Senior Travel Without Fear

“The only thing we have to fear is fear itself.” excerpt from FDR’s First Inaugural Address 3/4/1933.

Seniors seem to be afraid of everything. Much of it can be blamed on our waning physical strength, our shrinking bones (I’m probably an inch shorter than I was when I went to bed last night), America’s greedy medical and insurance corporations, and the media. Not that I do, but watch television ads. You will see how seniors are targeted with fear.

‘Help! I’ve fallen and I can’t get up!   “It’s a good thing I have this alert button to push so the paramedics can get here quickly.'” 

In mud at Caverna de Quiocta, Peru

In mud at Caverna de Quiocta, Peru

We’ve been led to believe that if we have an accident anywhere but in our home,

maybe break a leg or twist an ankle, or something bigger like have a  heart attack, or stroke, or (insert your greatest fear) in another country, we will be treated with snake oil by a shaman who dances round us with a painted face, shaking incense, or we will wind up in a hospital where we will be tended by incompetent doctors with inferior medical degrees.

We worry about the food. When we are in other countries, we’ll have to eat food that is not USDA guaranteed, food that has come straight from the field, is not genetically modified, a chicken or goat that has just been killed, or fish that have recently been pulled out of a polluted river, lake or ocean. We’ve swallowed the notion that in America we have healthy, superior food, even though we have more diabetes and obesity than any other country.

We believe we’re the only country in the world except maybe Canada, that has clean water to drink.  Besides we tell ourselves, even though there are inoculations for most water-born diseases, we could be THE person in 100,000,000 to get Hep A,B,or C. Or Ebola, god forbid, and we’re not even close to the African continent.

Then again, maybe we won’t get something quite so bad, just severe indigestion, or the runs, or a skin rash, or a tooth ache, and we won’t have our personal pharmacist -the one we see so often that she knows our name- to go to for advice. Maybe we won’t be able to explain the problem in another country. It’s pretty clear that our dentists are the only competent ones on the planet, and our medicine the best and safest. Otherwise why would they be the most expensive?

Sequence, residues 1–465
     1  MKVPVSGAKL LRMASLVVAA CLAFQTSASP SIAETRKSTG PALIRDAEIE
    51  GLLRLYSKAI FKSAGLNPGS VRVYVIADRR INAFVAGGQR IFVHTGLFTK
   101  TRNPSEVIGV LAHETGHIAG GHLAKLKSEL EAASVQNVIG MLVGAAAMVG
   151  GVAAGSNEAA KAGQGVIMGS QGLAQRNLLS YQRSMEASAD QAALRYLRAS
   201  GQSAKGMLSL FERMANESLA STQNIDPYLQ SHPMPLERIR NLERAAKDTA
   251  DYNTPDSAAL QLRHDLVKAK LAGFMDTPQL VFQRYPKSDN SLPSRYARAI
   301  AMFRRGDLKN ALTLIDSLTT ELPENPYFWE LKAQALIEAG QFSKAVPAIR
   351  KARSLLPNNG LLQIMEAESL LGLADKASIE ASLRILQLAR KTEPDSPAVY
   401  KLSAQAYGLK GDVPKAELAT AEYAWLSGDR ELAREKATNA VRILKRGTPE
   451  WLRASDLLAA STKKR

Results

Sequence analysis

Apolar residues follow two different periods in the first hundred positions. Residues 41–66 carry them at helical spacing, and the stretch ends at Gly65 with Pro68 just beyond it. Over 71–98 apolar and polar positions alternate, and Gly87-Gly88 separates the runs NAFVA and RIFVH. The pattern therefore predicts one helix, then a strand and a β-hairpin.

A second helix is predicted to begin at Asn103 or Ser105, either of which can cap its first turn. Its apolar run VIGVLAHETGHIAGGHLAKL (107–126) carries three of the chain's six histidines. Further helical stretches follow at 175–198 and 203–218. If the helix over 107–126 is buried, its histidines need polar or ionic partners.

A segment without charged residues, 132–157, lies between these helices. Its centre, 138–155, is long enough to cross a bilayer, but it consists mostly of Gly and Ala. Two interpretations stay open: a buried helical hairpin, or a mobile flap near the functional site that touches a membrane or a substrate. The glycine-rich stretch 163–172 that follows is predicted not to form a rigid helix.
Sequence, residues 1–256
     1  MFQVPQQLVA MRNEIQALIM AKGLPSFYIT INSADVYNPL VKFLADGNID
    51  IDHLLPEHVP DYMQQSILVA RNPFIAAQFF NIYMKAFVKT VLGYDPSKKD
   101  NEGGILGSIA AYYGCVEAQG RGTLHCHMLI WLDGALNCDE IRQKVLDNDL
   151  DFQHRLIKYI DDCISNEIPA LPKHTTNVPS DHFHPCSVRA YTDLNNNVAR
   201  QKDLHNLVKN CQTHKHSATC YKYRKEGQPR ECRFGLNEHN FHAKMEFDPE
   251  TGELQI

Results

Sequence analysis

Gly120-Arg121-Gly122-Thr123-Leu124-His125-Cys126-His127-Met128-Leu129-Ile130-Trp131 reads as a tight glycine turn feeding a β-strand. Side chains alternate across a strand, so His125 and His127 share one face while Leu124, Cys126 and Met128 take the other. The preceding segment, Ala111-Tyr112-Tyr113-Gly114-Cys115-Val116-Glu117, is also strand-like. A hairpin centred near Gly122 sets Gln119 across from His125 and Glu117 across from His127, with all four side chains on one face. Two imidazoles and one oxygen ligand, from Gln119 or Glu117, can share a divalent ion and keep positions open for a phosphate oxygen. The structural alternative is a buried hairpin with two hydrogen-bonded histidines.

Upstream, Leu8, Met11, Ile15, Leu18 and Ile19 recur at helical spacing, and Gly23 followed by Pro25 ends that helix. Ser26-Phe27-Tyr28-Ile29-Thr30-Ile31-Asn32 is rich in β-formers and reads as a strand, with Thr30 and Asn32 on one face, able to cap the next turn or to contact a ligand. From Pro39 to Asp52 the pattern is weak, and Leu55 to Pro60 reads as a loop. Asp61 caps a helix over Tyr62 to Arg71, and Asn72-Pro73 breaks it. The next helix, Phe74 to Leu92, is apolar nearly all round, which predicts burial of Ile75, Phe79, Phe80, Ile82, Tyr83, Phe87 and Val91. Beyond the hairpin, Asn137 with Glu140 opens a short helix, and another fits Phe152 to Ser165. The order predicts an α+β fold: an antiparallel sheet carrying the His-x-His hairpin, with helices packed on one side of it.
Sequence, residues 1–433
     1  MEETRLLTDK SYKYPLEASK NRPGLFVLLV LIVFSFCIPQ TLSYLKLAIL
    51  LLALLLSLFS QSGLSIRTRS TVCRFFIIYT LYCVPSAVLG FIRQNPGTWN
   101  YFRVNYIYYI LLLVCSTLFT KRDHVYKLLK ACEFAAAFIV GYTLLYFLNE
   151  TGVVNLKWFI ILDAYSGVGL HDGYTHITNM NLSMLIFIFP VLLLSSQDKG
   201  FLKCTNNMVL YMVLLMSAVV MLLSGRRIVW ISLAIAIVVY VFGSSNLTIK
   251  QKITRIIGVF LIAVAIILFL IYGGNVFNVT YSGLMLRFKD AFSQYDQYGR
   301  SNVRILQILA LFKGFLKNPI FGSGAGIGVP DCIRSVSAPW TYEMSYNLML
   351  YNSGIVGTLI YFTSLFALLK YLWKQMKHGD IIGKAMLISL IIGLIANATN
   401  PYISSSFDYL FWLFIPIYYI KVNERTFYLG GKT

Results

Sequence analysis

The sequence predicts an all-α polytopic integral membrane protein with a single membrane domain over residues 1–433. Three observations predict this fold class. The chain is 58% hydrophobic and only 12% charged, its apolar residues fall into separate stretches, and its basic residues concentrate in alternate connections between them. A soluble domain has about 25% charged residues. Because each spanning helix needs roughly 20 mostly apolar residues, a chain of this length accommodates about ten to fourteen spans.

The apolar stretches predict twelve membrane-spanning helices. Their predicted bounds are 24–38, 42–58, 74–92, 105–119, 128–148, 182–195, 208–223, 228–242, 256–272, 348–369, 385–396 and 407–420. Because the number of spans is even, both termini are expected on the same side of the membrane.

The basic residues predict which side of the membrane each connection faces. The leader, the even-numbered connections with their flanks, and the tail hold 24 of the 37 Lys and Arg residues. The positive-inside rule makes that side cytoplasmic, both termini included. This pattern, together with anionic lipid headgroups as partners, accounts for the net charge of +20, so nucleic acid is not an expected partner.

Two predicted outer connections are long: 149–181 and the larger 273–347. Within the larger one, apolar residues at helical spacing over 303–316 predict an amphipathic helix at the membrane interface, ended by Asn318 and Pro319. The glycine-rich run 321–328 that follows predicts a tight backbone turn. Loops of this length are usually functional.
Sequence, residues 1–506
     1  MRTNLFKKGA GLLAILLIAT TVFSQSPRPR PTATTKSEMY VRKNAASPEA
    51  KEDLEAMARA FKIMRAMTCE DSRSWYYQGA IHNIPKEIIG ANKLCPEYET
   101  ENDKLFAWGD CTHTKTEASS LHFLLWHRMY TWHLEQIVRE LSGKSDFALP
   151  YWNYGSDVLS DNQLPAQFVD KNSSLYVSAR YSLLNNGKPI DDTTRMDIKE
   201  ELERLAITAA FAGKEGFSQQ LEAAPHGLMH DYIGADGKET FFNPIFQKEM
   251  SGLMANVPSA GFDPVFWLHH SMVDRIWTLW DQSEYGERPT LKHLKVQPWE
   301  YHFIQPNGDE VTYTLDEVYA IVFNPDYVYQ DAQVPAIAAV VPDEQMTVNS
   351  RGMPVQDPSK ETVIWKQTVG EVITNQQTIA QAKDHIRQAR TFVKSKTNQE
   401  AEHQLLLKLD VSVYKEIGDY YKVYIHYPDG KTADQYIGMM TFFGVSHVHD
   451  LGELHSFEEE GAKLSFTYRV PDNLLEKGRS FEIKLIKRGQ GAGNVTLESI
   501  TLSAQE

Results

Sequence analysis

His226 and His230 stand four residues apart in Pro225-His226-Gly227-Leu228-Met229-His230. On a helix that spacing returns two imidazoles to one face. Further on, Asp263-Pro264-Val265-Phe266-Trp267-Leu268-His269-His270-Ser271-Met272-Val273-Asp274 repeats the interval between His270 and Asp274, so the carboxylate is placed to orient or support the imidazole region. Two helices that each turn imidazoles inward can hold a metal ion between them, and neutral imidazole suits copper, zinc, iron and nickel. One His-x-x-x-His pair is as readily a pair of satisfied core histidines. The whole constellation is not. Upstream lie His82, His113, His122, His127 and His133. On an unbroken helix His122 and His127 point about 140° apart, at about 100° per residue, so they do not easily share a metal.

There are other fears, too, real fears that could happen anywhere, (losing our luggage, or wallet or our passport which means we’ll never be allowed to go home). If these things happen where we don’t have our safety net to fall into we won’t know what to do. Perhaps we’ll be forced to use our common sense,  or to  call on the kindness of strangers.

We could be robbed. It happens. Advice abounds on the internet about how to lessen the probability, but it still happens occasionally.  Again, common sense says leave your precious gems and Rolex  at home, don’t flaunt your large bills in public, never let anyone see where you stash your money, keep your wallet in the front pocket, your purse and pack in front, especially in busy places like bus and train stations, don’t walk home from the pub alone at night singing When Irish Eyes are Smiling off-key. Keep an extra credit card and cash stashed separately somewhere, and copies of your passport and visa if you have one.

And other things one doesn’t expect happens to seniors.Once when I was living in Mexico, I had a grandma moment while I was standing in front of the ATM machine. I completely forgot my pass code. I knew I only had three tries before the bank would lock the account, sending me up shit creek, as my mom used to say, so I tried the two combinations that came to mind. Nada.  Frustrated, irritated, and a little bit afraid that my brain had finally given up on me, I walked to my friend’s house. She was sympathetic. ” I always worry that might happen to me some day. I wish I had some money to lend you, but I’m broke.” I emailed my daughter from her house. Did she have my pass codes. “No. Sorry, Mom.

Of course, I have friends and family in the US who would, in an emergency, wire me money. But a grandma moment is not an emergency. It’s a fact of life. We have to get used to them-to cover our tracks. After this happened, I always leave a list of every pass code with my daughter which means I only  have to wait a day or two to get the information because she’s very busy, and I’m not her top priority. On the positive side of grandma moments, it’s been my experience they rarely happen at crucial times/places, i.e. I’ve never stood in front of a customs officer in a foreign country, say Morocco, and couldn’t remember why I was there.